Skimer Description

Skimer is a piece of malware that targets ATMs and has been an active actor for many years now. The first time malware experts spotted the Skimer threat was back in 2009. While the Skimer malware has not developed through the years, ATM malware has improved greatly, in general. Most cybercriminals nowadays prefer emptying ATMs instead of skimming credit cards.

Cybercrooks that target ATMs usually have to split in two groups – one who will have to insert a USB drive into the machine to deploy the malware physically, and one which will be behind a computer screen and operate the threat. Malware, which targets ATM, usually gains access to their system and manipulates the settings to get the machine to start pumping out cash.

The Skimer malware manages to bypass the safety checks by authenticating itself using a rather innovative technique. This goes a long way to keep the operation on the down low too. The Skimer threat is programmed to only run during certain hours, thus greatly reducing the chances of detection. To launch the malware’s interface, the attackers have to insert a ‘magic card’ in the ATM, which works as a way of authentication. Then, when this is done, the attackers will be able to instruct the Skimer malware to perform a list of various tasks, among which are:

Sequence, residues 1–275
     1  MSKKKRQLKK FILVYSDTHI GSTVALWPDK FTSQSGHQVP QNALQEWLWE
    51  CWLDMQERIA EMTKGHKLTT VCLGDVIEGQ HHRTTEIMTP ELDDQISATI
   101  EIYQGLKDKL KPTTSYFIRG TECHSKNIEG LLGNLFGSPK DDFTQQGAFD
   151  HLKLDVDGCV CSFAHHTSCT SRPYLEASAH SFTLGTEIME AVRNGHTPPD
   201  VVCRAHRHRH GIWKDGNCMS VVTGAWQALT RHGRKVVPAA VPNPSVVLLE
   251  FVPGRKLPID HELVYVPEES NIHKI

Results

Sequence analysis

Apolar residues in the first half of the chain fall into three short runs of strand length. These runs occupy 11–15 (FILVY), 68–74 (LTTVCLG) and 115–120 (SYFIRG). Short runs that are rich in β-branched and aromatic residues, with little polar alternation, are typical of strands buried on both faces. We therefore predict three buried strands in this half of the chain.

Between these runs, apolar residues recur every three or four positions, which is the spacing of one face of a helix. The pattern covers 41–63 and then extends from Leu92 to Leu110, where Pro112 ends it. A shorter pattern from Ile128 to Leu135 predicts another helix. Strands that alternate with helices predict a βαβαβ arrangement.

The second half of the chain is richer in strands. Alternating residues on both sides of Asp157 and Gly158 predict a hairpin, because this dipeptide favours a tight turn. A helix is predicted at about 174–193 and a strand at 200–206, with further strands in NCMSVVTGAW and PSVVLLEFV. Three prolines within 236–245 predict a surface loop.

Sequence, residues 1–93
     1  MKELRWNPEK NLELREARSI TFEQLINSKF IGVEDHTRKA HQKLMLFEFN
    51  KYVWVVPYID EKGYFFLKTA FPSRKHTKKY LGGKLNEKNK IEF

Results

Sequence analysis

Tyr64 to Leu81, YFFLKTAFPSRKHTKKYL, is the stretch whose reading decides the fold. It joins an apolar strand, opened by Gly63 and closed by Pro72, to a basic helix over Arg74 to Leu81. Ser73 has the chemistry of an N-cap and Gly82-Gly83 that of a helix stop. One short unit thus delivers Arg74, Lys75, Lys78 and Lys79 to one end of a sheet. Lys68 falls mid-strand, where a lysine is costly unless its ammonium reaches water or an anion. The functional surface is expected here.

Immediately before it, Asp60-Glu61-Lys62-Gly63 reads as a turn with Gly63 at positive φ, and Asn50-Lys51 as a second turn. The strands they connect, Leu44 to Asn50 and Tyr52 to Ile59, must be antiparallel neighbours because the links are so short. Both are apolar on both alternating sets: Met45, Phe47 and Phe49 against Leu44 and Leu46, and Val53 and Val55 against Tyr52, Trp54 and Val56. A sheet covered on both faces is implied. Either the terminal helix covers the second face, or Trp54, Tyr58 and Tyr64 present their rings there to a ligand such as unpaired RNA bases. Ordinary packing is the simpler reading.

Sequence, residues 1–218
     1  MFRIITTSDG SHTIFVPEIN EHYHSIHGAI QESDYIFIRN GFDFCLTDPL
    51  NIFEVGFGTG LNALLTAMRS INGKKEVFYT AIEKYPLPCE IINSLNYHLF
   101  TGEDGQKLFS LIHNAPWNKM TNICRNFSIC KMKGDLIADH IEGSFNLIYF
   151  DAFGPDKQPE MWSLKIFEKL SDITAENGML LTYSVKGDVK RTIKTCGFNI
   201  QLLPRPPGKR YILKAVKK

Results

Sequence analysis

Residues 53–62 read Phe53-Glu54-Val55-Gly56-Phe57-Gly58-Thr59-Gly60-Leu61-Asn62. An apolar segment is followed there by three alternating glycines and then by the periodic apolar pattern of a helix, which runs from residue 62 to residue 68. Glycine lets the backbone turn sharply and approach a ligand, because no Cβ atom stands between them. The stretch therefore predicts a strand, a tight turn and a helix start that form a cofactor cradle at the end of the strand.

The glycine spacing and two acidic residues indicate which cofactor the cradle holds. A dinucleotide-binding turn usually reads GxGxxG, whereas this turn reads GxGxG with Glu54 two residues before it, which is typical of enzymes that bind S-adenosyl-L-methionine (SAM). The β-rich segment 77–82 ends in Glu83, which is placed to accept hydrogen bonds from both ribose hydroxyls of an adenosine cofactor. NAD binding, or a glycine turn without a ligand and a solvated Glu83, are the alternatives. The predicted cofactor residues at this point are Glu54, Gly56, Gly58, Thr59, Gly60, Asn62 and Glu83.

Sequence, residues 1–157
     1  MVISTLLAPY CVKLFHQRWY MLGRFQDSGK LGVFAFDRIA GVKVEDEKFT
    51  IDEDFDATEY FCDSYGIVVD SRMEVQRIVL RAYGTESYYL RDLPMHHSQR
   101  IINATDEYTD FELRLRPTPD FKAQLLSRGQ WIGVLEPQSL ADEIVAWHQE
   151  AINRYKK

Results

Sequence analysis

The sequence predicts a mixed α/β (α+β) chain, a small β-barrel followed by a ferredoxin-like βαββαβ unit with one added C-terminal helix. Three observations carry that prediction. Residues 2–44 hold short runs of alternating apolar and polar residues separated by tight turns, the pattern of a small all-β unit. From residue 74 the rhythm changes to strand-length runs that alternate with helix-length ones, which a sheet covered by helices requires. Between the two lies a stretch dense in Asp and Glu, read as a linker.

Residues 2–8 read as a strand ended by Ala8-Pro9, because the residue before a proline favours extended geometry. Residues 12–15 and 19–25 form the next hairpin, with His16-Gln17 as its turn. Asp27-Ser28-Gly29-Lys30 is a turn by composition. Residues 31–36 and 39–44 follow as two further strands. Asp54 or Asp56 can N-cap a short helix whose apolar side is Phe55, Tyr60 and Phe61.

• Begin an update.
  • Skim credit cards.
  • Send the data collected from the skimmed credit cards to the attackers’ server.
  • Pump out 40 bank notes.
  • Activate the threat’s debugging feature.
  • Begin an update.
  • Remove itself from the ATM.

Despite this threat being a little outdated, it should not be underestimated. The Skimer has been launched in many successful cash-grabbing operations and will likely be employed in many more in the future.